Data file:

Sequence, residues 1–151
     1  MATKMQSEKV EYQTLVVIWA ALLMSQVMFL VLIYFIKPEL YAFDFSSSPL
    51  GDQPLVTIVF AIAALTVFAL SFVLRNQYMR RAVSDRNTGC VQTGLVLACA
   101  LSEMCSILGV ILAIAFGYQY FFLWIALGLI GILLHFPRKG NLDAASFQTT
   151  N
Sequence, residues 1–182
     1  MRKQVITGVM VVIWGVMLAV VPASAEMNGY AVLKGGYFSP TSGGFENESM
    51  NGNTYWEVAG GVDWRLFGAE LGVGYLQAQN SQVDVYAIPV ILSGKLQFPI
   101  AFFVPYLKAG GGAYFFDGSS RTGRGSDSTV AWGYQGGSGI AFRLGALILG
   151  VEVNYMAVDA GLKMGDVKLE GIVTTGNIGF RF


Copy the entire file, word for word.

Sequence, residues 1–151
     1  MATKMQSEKV EYQTLVVIWA ALLMSQVMFL VLIYFIKPEL YAFDFSSSPL
    51  GDQPLVTIVF AIAALTVFAL SFVLRNQYMR RAVSDRNTGC VQTGLVLACA
   101  LSEMCSILGV ILAIAFGYQY FFLWIALGLI GILLHFPRKG NLDAASFQTT
   151  N
Sequence, residues 1–182
     1  MRKQVITGVM VVIWGVMLAV VPASAEMNGY AVLKGGYFSP TSGGFENESM
    51  NGNTYWEVAG GVDWRLFGAE LGVGYLQAQN SQVDVYAIPV ILSGKLQFPI
   101  AFFVPYLKAG GGAYFFDGSS RTGRGSDSTV AWGYQGGSGI AFRLGALILG
   151  VEVNYMAVDA GLKMGDVKLE GIVTTGNIGF RF